And what about Adventist TV networks? Lots of sincere people work in those places—and good work is being done. But again, the programming is so focused on the preaching of Adventist distinctives—complete with “insider” church lingo and references—that I have to wonder how many non-members are actually being reached, as would be if the programming were primarily on how to know and walk with Jesus and on offering solutions to the most pressing human needs. Even some Adventists admit that when they want help with their own Christian walk, they turn to non-church Christian programming. Yes, I anticipate the protests that Adventist broadcasting does speak of knowing and walking with Jesus. My concern is again the relative priority. And I’m not alone in concluding that the highest priority is the presenting of Adventist distinctives. I’d like to see the balance reversed.

6. When it comes to Adventism, I fear that the church far, far too often shoots its wounded. An Adventist church—and especially the organizational levels—should be a place of redemptive safety. The goal should be to restore and never to rush to expose but rather, to follow 1 Corinthians 13:6 in never rejoicing in iniquity. Too often, I’ve seen Matthew 18 ignored in the knee-jerk effort of some church leaders to close ranks to keep the church’s reputational boat from rocking, at the price of rejecting or even ejecting someone who has either done wrong—or perhaps even only been accused of wrong-doing.

5. I could wish that, since Adventists like to see themselves as “Modern Israel,” the church might reflect more fully on where ancient Israel left the tracks. You read of Old Testament Israel and think, “What was wrong with those people? Why did they so repeatedly reject their God-given role to wander off after the gods and values of the pagans around them?” And why did they hoard the truth God had given them to share—and see that truth as a mark of their own superiority? And why did they end up almost exclusively focused on the letter, rather than the spirit, of the law? We’re appalled by the density of ancient Israel. But is not modern Israel often tracking in the same path?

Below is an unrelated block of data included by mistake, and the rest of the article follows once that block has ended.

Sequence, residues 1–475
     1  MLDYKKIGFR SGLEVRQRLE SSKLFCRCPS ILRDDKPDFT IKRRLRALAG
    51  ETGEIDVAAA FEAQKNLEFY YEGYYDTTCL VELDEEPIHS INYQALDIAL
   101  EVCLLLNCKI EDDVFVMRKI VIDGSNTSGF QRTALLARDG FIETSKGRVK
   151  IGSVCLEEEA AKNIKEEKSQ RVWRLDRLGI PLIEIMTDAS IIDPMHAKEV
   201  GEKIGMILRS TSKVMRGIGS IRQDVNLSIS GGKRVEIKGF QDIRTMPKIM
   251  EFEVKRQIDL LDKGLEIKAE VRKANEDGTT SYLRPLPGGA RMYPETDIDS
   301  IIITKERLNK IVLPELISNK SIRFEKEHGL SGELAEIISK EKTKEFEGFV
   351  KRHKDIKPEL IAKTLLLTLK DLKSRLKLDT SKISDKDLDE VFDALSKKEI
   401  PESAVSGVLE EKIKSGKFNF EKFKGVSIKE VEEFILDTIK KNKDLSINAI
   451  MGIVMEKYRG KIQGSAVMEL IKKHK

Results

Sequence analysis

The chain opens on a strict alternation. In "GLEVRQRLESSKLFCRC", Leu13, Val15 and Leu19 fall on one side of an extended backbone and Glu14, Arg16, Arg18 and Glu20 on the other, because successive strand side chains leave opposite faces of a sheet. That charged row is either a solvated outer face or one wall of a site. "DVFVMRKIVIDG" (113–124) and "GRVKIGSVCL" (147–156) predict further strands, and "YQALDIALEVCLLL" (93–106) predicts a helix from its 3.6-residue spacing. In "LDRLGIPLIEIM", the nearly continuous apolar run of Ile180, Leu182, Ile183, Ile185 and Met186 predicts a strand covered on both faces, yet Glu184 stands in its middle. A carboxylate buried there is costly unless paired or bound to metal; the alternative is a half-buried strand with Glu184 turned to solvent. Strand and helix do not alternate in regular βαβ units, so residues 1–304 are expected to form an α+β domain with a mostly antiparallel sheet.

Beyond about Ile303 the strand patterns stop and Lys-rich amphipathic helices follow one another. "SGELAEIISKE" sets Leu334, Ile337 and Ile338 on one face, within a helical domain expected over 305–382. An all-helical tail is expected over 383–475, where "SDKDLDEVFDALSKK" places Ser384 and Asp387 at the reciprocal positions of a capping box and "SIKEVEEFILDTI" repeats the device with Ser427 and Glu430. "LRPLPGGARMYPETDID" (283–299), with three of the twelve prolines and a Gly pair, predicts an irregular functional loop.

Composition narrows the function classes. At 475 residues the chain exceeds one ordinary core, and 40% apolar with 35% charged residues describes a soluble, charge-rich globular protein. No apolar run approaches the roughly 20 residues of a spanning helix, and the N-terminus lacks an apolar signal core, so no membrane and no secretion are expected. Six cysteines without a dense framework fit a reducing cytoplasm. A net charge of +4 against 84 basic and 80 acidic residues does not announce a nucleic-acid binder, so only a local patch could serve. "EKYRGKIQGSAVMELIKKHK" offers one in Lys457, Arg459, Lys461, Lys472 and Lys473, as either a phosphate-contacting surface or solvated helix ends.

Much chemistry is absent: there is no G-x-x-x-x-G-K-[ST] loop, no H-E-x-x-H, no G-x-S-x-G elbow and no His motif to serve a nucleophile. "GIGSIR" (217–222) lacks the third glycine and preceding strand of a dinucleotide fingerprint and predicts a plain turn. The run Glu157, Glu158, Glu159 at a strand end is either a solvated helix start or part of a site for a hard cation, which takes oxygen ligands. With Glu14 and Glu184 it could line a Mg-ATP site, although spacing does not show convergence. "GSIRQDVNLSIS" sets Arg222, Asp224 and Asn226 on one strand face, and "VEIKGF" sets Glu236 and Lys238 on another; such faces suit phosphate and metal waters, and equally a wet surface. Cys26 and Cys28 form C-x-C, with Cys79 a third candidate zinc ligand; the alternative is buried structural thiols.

4. Which brings me to the issue of legalism. Yes, that’s not universal in the Adventist Church. But from pioneer days, through the appeals of 1888, to the present day, we’ve struggled with a legalism that not only alienates those around us but that robs us of the calm security God wants us to enjoy concerning our own present salvation and future destiny. If being a Seventh-day Adventist is far more than a day we keep or an advent for which we hope—and instead is the celebration of a Person who lived and died to offer us a finished, certain salvation—then we have a way yet to go to shake off our endemic legalism.

3. I also wish that the church would play more to its strengths and less to its comparatively minor concerns. To my knowledge, no other religion or denomination on the planet shares our unique Big Picture of the great controversy between good and evil. At its most basic, that theme is all about restoration—God restoring, both now and in eternity, all that was lost in the Fall of Lucifer, Adam, and Eve. That Adventist perspective is the foundation, too, of our emphasis on health. I live maybe a half mile from Loma Linda University, whose motto is: “To Make Man Whole” (and Woman too, I’m sure!). Restoration.